Trading in Asia has significantly slowed, amid price dips as China prepares for its week long National Holidays from 1-8 October. A bearish market outlook indicates to dim prospects of demand recovery when the Chinese return in the second week of October. Polymer demand is expected to slow down in Q4 as export orders have been lower than anticipated and producers have built enough stockpiles with no channel to dispose them off. Petrochemical trading in China has also been impacted on restrained lending by the Central bank in H2-09. Additionally, a supply glut is anticipated from new capacities that will come on stream towards the end of the year, depressing market outlook further. Softening crude oil, naphtha and feedstock prices have sent polymer prices further south.
As market outlook turns pessimistic, HDPE prices have dropped to US$1205/MT in Asia in the week of September 21, 2009. CFR China deal for H2-September/H1-October shipment film grade HDPE from South Korea has been concluded at the 1200 dollar mark; and about 20-25 dollars lower from Thailand for this month. CFR China deals from the Middle East were concluded even lower at about US$1100/MT for injection molding grades and at about US$1150/MT for film grade. At a time when the markets are lifeless and demand continues to be waning, supplies have started from Iran’s Mehr Petrochemical plant at Assaluyeh.
Suppliers are refraining from quoting offers at a time when the markets are lifeless and demand continues to be waning. As a result, LDPE prices have dipped to US$1260/MT in Asia in the week of September 21, 2009. Very few deals have been concluded even as prices ebb to such low levels, on reluctance from Chinese buyers. Deep-sea cargoes were heard traded at US$1175/MT CFR China.
As sellers refrain from quoting firm offer price, markets have been subdued. LLDPE prices have dipped to US$1225/MT in Asia in the week of September 21, 2009 on lackluster demand from China. Most suppliers continue to avoid quotes for next month, though a few were heard at the 1200 dollar level.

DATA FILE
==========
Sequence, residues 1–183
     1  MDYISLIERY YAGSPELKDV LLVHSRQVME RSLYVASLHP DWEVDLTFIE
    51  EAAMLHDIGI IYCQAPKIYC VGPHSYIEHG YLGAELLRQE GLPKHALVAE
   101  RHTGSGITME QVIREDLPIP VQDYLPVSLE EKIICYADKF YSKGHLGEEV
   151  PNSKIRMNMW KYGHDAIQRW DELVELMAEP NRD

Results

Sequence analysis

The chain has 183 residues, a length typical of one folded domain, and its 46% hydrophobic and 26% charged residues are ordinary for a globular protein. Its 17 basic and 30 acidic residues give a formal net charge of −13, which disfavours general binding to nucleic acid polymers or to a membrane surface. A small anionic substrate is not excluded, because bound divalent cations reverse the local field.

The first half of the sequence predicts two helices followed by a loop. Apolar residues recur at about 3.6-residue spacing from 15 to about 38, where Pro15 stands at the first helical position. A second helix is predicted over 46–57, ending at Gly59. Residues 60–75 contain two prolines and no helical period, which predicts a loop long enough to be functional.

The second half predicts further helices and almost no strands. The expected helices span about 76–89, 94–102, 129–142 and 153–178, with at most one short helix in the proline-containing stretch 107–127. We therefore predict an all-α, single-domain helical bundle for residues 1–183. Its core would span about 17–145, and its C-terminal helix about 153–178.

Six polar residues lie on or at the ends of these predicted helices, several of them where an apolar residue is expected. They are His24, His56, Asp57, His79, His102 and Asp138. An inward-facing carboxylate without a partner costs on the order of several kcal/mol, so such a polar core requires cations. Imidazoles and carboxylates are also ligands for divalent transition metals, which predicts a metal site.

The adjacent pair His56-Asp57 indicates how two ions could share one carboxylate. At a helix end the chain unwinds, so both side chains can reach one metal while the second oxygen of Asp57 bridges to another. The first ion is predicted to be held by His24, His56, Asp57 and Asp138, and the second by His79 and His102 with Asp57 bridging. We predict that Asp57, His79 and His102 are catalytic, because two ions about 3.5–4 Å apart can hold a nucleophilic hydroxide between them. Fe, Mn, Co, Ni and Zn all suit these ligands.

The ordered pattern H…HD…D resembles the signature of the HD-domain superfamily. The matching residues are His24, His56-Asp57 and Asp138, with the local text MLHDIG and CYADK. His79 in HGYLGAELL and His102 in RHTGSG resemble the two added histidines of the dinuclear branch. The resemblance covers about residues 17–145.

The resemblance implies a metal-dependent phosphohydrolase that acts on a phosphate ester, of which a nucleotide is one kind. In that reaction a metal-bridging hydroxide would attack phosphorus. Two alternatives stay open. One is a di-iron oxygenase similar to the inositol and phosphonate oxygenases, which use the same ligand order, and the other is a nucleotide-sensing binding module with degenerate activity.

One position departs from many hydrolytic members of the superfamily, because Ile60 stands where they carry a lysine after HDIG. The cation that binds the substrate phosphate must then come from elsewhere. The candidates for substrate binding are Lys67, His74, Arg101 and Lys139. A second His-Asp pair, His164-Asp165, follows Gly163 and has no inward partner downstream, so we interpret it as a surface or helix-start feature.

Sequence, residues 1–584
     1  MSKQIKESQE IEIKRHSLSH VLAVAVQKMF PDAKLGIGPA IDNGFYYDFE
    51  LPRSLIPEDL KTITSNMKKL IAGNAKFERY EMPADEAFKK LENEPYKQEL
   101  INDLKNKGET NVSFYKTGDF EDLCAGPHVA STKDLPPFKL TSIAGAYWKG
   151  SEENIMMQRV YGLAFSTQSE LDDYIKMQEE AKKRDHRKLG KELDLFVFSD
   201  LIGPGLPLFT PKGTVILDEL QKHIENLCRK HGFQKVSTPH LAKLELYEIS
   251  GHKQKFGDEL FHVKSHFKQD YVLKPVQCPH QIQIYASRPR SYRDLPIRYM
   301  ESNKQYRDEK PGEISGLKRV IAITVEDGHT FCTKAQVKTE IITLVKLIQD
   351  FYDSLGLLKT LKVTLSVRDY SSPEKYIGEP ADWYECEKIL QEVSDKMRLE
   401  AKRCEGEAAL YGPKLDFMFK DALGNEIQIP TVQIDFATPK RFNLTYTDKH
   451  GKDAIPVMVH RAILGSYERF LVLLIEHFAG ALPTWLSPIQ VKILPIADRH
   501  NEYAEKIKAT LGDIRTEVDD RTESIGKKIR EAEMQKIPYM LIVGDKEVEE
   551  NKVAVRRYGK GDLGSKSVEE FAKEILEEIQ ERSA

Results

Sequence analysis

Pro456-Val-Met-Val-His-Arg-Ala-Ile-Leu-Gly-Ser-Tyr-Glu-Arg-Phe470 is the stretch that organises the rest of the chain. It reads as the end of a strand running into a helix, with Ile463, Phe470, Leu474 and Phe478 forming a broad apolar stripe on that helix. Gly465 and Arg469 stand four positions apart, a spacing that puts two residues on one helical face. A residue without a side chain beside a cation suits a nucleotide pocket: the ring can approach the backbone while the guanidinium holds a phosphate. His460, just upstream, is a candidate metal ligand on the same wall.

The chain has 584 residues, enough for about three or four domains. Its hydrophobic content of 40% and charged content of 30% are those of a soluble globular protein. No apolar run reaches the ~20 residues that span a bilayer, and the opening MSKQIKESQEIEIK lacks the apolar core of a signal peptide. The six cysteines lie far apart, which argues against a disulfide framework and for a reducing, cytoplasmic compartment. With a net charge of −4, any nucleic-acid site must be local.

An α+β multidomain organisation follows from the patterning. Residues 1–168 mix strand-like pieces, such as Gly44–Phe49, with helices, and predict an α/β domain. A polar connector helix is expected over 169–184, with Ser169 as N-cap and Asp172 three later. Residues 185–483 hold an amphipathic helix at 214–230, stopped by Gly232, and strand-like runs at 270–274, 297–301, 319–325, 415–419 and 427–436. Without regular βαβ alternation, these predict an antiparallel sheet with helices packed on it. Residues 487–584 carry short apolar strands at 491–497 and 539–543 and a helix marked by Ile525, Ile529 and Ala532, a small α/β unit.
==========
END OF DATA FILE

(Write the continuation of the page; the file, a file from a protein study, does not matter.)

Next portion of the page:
Lacklustre demand from China before the start of the week long break has pulled down PP prices to US$1125/MT in the week of September 21, 2009. October shipment CFR China offers for yarn/injection were heard from Taiwan and South Korea at US$1150/MT levels. As feedstock propylene plummeted in the week, dampening buyer’s response, few deals were concluded at the 1100 dollar mark. Buying sentiments continue to be sluggish.
Polyvinyl Chloride prices have headed south to US$905/MT in Asia in the week of September 21, 2009 along with feedstock EDC and VCM prices. As demand from China continues to be weak and market sentiments appear drained, sellers from Thailand, Taiwan and Japan tanked CFR China offers to just above US$900 levels. Despite these low levels, prices are expected to head further south on lack of deal conclusion on inactive buying interest.
Despite falling input costs, General Purpose Polystyrene prices have steadied at US$1185/MT in Asia in the week of September 21, 2009. Few sellers continued to quote at last week’s levels despite feeble demand from China for GPPS and at US$1255-1285/MT CFR China for HIPS.
As feedstock butadiene heads south, ABS prices have subdued to US$1485/MT in Asia in the week of September 21, 2009 amid muted demand from China. Sellers continue to quote CFR China offers at the 1500 dollar mark, but buying intentions languish about fifty dollars lower. A further price adjustment does not seem possible as production margins will get impacted as feedstock costs continue to increase.